Friday, January 28, 2011

When Home is the Kitchen... an Interview with Food Writer Sara Kate Gillingham-Ryan

Six-and-a-half years ago, Sara Kate Gillingham-Ryan’s husband Maxwell started a blog called Apartment Therapy. His mission is ‘helping people make their homes more beautiful, organised and healthy by connecting them to a wealth of resources, ideas and community online’.

When the blog began, Sara Kate was a food writer. She says, ‘We both believe that if you talk about the health and vitality and style of the home, you cannot ignore the kitchen and the cooking that goes on there.’

She began writing a weekly food column for Apartment Therapy. ‘When I had time, I wrote more. I was also doing freelance print writing. At a certain point we held our breath and took the leap for a dedicated cooking site. That was five years ago. We haven't looked back.’

And so began The Kitchn, an inspiring blog filled with food information, recipes and kitchen tours. With more than one million readers, it is obvious that many of us believe that a kitchen is central to our feelings about home.

For Sara Kate, her favourite kitchen is the one she cooks in now; ‘It's where I feed my family every day. It's not fancy. I have a pretty crappy 24" stove and a small refrigerator, one drawer, two upper and one lower cabinet all along one wall. Then a long Ikea butcher block for chopping and serving. But from it I sustain my daughter's life and her love of food, so for that reason, it wins.’

‘My least favourite kitchen was probably the one I had in a shared apartment before I was married. Roaches, ants, you name it. New York City shared living at its best.’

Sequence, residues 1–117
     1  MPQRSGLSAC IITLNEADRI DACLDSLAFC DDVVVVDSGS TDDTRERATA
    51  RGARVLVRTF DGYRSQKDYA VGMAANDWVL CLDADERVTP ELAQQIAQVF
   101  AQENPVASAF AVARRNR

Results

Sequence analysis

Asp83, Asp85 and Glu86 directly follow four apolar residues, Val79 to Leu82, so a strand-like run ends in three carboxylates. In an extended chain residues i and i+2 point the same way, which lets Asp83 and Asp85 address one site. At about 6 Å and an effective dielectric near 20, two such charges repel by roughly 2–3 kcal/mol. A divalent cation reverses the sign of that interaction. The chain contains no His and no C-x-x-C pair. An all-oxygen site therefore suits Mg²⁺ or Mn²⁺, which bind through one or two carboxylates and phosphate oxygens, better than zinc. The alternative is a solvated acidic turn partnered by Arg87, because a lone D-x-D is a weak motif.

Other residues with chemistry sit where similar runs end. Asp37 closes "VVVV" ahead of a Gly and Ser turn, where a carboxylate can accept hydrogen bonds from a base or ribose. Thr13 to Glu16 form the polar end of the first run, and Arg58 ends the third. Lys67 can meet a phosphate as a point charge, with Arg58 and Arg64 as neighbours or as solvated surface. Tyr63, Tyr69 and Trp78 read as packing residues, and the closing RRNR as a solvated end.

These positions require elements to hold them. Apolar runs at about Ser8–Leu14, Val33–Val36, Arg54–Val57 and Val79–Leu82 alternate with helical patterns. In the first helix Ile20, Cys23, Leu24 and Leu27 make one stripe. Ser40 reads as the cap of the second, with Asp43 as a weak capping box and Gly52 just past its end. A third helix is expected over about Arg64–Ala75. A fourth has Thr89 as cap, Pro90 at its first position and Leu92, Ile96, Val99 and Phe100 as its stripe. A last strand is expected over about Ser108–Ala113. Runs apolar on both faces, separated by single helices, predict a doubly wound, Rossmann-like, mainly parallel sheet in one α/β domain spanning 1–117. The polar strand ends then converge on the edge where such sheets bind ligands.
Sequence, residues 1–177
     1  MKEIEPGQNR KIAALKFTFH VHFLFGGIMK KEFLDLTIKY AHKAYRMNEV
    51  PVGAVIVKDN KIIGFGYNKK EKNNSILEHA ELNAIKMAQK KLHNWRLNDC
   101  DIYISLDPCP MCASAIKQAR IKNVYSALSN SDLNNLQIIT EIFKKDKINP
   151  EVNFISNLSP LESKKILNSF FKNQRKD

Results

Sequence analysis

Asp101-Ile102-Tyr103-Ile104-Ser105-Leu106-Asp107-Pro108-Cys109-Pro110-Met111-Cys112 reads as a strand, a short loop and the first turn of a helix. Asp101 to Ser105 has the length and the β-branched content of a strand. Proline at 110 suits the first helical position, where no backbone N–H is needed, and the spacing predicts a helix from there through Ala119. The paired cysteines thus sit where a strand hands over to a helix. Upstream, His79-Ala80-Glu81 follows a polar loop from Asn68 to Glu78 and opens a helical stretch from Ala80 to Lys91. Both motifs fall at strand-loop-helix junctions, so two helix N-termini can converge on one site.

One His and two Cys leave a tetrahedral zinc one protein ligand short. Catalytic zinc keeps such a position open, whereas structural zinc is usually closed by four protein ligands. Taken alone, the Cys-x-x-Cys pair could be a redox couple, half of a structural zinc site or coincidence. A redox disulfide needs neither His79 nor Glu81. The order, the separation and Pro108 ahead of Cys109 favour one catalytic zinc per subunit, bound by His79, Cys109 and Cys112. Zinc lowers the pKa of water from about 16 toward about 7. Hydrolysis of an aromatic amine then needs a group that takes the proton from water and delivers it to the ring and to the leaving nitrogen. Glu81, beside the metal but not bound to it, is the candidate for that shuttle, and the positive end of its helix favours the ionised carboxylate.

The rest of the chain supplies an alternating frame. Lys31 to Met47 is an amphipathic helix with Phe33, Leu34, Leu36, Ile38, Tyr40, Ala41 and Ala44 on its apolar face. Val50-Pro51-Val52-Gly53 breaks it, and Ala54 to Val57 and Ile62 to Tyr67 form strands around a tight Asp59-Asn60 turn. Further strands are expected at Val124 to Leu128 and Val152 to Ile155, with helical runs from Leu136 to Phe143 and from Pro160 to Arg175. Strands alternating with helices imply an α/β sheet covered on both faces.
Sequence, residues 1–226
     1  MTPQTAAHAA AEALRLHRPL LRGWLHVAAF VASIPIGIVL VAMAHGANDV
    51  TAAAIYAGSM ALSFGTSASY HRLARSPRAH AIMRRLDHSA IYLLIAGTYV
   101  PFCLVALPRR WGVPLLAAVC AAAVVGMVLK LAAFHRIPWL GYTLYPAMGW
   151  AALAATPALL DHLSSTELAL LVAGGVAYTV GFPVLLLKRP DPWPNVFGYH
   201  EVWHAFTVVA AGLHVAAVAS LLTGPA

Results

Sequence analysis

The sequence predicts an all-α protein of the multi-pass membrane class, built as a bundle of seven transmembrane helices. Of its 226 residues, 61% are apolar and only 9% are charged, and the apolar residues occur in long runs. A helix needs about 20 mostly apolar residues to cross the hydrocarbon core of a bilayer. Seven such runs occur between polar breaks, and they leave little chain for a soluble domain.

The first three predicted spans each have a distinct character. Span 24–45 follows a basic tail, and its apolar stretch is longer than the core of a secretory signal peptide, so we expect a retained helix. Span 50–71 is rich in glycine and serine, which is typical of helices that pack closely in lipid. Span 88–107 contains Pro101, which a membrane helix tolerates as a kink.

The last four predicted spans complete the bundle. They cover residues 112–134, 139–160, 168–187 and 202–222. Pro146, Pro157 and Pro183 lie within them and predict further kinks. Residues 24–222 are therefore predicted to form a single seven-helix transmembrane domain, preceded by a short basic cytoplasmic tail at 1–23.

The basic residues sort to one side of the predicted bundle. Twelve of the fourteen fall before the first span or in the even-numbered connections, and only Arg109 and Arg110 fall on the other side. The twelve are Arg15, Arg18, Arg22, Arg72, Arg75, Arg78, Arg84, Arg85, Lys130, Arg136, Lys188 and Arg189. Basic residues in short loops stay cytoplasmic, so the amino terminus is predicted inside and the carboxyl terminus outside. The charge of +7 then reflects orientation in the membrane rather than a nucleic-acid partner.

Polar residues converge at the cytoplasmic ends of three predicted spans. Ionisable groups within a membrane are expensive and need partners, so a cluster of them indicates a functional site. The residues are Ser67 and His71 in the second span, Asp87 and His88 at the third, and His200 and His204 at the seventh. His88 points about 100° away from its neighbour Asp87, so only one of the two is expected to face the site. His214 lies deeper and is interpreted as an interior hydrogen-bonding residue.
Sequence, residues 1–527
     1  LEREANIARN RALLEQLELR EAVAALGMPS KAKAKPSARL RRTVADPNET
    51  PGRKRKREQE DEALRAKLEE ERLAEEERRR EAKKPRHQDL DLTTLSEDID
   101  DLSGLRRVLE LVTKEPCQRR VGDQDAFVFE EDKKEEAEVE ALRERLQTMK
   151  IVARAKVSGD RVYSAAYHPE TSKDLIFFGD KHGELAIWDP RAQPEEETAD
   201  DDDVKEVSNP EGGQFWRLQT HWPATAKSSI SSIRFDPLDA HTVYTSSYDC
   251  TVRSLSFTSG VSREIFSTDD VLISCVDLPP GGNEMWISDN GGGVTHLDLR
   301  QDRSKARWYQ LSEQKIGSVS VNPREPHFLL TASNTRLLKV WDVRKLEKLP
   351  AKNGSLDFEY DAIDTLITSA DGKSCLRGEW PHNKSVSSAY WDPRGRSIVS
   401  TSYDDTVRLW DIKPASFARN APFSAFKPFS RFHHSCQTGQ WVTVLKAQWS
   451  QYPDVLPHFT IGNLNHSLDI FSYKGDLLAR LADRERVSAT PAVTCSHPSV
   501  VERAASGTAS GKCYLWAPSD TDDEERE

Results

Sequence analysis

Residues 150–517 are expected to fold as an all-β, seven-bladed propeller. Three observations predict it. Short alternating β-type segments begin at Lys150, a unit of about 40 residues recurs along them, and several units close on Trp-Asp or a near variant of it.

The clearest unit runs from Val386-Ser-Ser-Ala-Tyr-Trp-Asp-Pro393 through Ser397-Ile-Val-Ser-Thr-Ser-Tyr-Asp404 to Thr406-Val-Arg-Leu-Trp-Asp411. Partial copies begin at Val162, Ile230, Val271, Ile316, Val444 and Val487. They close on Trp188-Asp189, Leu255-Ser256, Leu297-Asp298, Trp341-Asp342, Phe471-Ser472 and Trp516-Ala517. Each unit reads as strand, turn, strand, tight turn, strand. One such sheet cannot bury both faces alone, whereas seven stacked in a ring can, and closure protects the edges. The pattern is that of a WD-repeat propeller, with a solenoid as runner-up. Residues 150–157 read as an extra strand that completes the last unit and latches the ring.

Having a small kitchen means that Sara Kate is forced to ‘pare down constantly. I don't have anything that I don't use.’

What she loves most about the kitchen is it’s ‘(tiny) skylight’. ‘I can watch the sun pass, sometimes a full moon, and pelting rain. I also love that the "bar" (butcher block) allows people to be in the kitchen with me without being in the way.’

Anytime is a good time to be in her kitchen; ‘Whenever something is cooking. Also, that time when the sun passes over the skylight. The light is magic.’

Although the family has a small, round dining table, they have most of their meals at ‘the bar’.

Since becoming a mother, Sara Kate’s feelings about her kitchen have not changed. ‘It has only reinforced my belief that cooking is one of the most important things we can do for our children.’

For Sara Kate, the kitchen will always be the heart of the home; ‘It feeds us. We need that to be alive, and we also get so much pleasure from it.’

As for a favourite meal to cook in her kitchen? It’s Sara Kate’s mother’s Italian Wedding Soup.
‘When it comes to soups, I can easily say I have a hands-down favorite. My vote for this soup is heavily influenced by nostalgia; it was one of the first real meals my mother fed me when I was a baby. The legend is that I'd slurp it loudly and the broth would dribble down my neck and into my clothes.

The recipe was handed down to my mother, and adapted at each stop, from a man named Fran, whose daughter was my first babyhood friend. I don't really remember Fran — he passed away when we were still tiny — but he lives within me every time I make this soup. Now I feed it to everyone — from my own little person, who also slurps and dribbles it, to Saturday night company, who usually use a napkin.

We always call it Italian Escarole Soup, but it's also known as zuppa di scarola, or Italian Wedding Soup because it is a traditional course at Italian nuptials. It is simple to prepare, but has enough flourishes — herby meatballs and a last-minute addition of cheesy egg ribbons — to make it special enough for guests.

Italian Wedding Soup is highly adaptable; try other greens like kale (as I did in the photo below) or chard, add grated lemon rind to the meatballs and some lemon juice to the broth for brightness, or consider spicing it up with some ground red pepper flakes added with the onions and garlic.’

Italian Wedding Soup

Serves 6-8

3/4 pound ground organic meat (chicken, turkey, pork or beef)
1/2 cup dry bread crumbs
3 large eggs
1/2 cup grated Romano cheese, divided
1/2 cup grated Parmesan cheese, divided
1 tablespoon chopped fresh oregano (or 1 teaspoon dried)
1 teaspoon salt
1/2 teaspoons freshly ground black pepper
3 tablespoons olive oil, divided
1 medium yellow onion, diced
4 cloves garlic, minced
8 cups chicken stock